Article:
Jo Brand's week

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The Independent Online
Oasis's performance at Knebworth this weekend promises to be a nightmare for the police, who have to get huge crowds in and out over two days with the minimum of trouble. So it is heart-warming to know that the poor old police have been issued with a video to give the officers some idea of the fans they are up against. Oasis fans are described as "feisty, contrary and belligerent", thus setting the scene, one would have thought, for the odd dust-up between the boys in blue and the gig- goers. In my experience, when the police get together in a group, they can be pretty feisty, contrary and belligerent too, although police entertainment tends to feature a couple of strippers and a racist Mancunian comic, rather than a talented Mancunian band. Let's hope the good sense of the band prevents any potential rumbles getting out of hand. Oh dear, I forgot ... they're feisty, contrary and belligerent too. No doubt after this weekend, the rozzers will be begging for a few Cliff shows.

A recent charity golf tournament in Fairfax county, Virginia, included topless female caddies and an auction of women to accompany male golfers in their carts. Funny, but I've always thought that the women's movement was particularly strong in America. Perhaps the Fairfax county branch is a bit depleted at the moment. Let's hope this doesn't catch on in professional golf or they'll never get round the course. The American Heart Foundation, for whom the tournament was organised, has said it will return the donation. I don't suppose they realised that quite so many women were going to strip down as near to their hearts as possible. As for the auction side of things, when are these sad women going to realise that to be selected by some menopausal tartan-clad sack of spuds is not a valid assessment of your worth as a person?

I was in Cork last weekend to do a couple of shows and for a change the tour manager, myself and another act rose well before the "Countdown" hour and decided on a visit to Blarney Castle, container of the famous stone. Apparently, the original gift bestowed by the Blarney stone was the ability to tell lies for seven years, something those of us who are crap at it would find far more useful than the gift of the gab. I had always assumed that kissing this thing involved no more than a three-minute stagger off the coach, a slight bend of the waist, maybe, and mission accomplished. To someone like me with the fitness record of a sloth it seemed more like mission impossible. First of all you have to get up to the top of Blarney Castle (no lift), via numerous treacherously narrow winding stairs, so designed that invaders could be dispatched with the most minuscule of shoves. Then you have to pick your way round a narrow lumpy floor full of holes revealing a sizeable drop, and finally lie on your back holding on to two metal bars while an attendant-type holds your feet and pisses himself laughing, as you are dispatched towards the saliva- sullied object. Kiss the Blarney stone? Pogue mahone. (Translation available in Gaelic dictionary.)

Being a bit of an international traveller, this week found me in Shropshire as well, witnessing one of the strangest phenomena I have ever seen. During a heavy thunderstorm, smoke started to billow from a group of trees some 200 yards from where I was staying. We ran to investigate. I use the term "ran" loosely. In fact, in this context, it means "went in the car". The source of the smoke was an enormous tree which had been struck by lightning. It was burning fiercely, and threatened to bring the whole tree down. For once a camera was to hand, although we could not persuade a neighbour down the road to come and have a look as she maintained she has been hit twice by lightning and didn't fancy third time unlucky. I wonder if seeing something like this has some ominous portent? If I'm not here next week, you'll know why.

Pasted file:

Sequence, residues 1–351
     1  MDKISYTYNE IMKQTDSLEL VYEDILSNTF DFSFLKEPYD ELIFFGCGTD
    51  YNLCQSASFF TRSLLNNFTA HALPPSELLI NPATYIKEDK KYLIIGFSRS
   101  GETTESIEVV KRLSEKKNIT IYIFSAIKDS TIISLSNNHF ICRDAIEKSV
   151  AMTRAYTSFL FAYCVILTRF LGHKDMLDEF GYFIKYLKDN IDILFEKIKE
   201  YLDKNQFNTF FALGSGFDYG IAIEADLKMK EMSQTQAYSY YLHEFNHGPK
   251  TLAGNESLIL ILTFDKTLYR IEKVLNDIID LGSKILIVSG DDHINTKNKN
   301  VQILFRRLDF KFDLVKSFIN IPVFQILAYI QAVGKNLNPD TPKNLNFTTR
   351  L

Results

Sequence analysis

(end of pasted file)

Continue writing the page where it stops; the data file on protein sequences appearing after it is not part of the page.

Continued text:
Cyclists decided to get militant this week and stop the traffic in London on the day of the Tube strike. They are from a group called Reclaim The Streets and are protesting about congestion in London. As a driver, I have to say that cyclists aren't always the conscientious road users they often claim to be, despite the fact that they do not spew fumes at the rate the rest of us in cars do. As an ex-cyclist myself (incredible as it may seem), I am well aware of the dangers that cyclists face and they don't make it any easier by winding up car drivers in several ways. First, I very rarely see a cyclist obeying traffic lights. They seem to think they have the right to take a short cut across the pavement or just carry on. Second, a sizeable majority don't have lights at night. Then, whenever you go within a few feet of them on the road, so you don't have a crash with another car, they scream sanctimoniously as though they own the road. As for hand signals ... non-existent. They have also turned grubby parts of London into what appears to be a suburb of California, with a selection of hideous lycra and face apparatus. Not much of an objective criticism that last one, but I never was much of a scientist.

I had always imagined that the world of the druid lay somewhere beyond the sort of petty earthly squabbles that tie the rest of us down. But no, it seems they're just like us. A row has broken out among Welsh druids because some of them have been sending letters with the stamps on upside down and this is considered a mark of disrespect to her Maj. So far, four people have been banned from ceremonies at next week's Eisteddfod and are planning to protest by turning up in mufti and not in their usual robes. Given the current postal strike, it may be that sticking the stamp upside down might get the letter there more efficiently. Besides, I'm sure the Queen has far more to worry about than her perm being ruined.

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